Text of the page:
Rupture risk assessment of human intracranial aneurysms: Morphological and hemodynamic characterization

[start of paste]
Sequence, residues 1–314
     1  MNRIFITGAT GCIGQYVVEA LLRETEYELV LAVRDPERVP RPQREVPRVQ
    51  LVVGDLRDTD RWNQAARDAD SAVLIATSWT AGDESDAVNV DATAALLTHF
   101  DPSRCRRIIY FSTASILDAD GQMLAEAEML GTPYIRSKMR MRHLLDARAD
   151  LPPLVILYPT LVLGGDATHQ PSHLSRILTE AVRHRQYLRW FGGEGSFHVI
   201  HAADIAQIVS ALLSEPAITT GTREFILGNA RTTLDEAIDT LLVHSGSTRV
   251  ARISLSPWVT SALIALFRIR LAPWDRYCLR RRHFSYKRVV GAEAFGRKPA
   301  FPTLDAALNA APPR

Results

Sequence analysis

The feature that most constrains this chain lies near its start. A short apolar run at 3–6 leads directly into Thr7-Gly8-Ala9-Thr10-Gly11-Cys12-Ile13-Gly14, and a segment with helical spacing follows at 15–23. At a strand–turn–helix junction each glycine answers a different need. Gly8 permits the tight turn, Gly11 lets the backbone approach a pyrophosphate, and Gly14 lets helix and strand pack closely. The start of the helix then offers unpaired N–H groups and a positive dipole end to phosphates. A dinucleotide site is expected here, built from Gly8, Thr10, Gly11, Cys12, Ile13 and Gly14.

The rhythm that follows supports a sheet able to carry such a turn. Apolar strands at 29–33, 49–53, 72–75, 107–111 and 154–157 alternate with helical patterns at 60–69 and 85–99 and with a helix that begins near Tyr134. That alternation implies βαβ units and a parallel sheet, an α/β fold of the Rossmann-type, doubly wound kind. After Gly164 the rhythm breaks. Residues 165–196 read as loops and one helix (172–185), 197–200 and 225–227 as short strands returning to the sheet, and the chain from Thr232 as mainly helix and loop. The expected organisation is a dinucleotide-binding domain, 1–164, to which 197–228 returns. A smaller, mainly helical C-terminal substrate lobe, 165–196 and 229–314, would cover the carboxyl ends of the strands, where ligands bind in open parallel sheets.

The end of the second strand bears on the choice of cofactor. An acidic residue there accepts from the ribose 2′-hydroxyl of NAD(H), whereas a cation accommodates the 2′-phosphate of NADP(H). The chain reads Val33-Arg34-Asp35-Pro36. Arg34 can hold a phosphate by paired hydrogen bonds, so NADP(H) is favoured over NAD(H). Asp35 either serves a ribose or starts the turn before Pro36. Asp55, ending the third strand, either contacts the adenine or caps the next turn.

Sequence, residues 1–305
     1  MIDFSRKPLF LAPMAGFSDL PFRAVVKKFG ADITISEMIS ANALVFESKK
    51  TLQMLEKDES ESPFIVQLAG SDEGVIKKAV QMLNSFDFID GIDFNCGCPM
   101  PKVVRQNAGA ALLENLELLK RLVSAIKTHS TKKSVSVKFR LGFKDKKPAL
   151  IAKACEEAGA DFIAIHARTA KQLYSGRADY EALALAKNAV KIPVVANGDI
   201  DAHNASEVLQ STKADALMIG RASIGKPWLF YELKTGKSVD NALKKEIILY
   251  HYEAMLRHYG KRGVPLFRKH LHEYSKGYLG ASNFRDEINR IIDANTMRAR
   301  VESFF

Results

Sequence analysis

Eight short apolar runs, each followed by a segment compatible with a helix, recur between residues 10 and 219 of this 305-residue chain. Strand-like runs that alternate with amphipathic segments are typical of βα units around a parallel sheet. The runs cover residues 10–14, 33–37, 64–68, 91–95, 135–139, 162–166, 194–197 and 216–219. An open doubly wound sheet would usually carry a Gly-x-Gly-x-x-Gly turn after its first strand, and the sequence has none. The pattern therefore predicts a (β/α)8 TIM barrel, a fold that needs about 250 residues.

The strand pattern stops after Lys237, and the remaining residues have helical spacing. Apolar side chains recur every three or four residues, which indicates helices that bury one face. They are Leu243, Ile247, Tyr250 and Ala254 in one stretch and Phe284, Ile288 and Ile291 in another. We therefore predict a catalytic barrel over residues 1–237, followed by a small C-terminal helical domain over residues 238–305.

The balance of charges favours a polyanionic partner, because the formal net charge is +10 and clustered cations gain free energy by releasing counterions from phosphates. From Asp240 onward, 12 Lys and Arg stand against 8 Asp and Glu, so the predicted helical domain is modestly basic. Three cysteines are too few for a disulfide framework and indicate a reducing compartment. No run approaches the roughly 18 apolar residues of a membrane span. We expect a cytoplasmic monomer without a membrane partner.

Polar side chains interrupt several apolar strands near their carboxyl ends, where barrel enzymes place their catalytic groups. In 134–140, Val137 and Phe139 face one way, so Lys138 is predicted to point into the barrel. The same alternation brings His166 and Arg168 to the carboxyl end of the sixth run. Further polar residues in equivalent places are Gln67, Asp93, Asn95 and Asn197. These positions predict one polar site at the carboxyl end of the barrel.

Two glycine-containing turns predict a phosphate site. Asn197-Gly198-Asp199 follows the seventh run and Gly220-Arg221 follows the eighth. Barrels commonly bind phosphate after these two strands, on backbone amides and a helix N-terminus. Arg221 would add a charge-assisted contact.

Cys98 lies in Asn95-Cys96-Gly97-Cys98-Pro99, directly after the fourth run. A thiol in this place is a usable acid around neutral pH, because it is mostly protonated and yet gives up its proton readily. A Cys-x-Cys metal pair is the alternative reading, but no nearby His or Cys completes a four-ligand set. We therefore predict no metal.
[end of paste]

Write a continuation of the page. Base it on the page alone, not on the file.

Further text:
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This study was aimed at identifying both morphological and hemodynamic parameters that can effectively characterize a human intracranial aneurysm (IA) that is prone to rupture and separate it from aneurysms that are likely to remain unruptured. Among the patients who suffer from a sub- arachnoid hemorrhage (bleeding resulting from rupture of an intracranial aneurysm) 50% die from the initial hemorrhage and 20-25% are maimed. The study was inspired by the fact that only 1% of all aneurysms will, in fact, rupture and that the treatment of such aneurysms also entail considerable risk to the person affected. Thus, effective methods to separate the rupture prone aneurysms from the others will spare many patients the ordeal of a surgical procedure while identifying the aneurysms that need aggressive treatment. The first part of the study was to identify relevant morphological metrics. For 45 patients with terminal or sidewall saccular IAs (25 unruptured, 20 ruptured), 3D geometries were evaluated for a range of morphological parameters. Detailed statistical analyses of the metrics were performed and Size Ratio and Aneurysm Angle were identified as promising new morphological metrics for IA rupture risk assessment. The second part of the study was aimed at further elucidating the role that Size Ratio plays in governing intra-aneurysmal hemodynamics. Low WSS and complex flow patterns with multiple vortices have been previously demonstrated as characteristic of ruptured IAs. This study found that, higher Size Ratio, irrespective of absolute aneurysm size or vessel diameter, gives rise to characteristic flow patterns observed in ruptured IA. This indicates that Size Ratio, not aneurysm size, more closely captures IA hemodynamics, and may thus better predict rupture risk.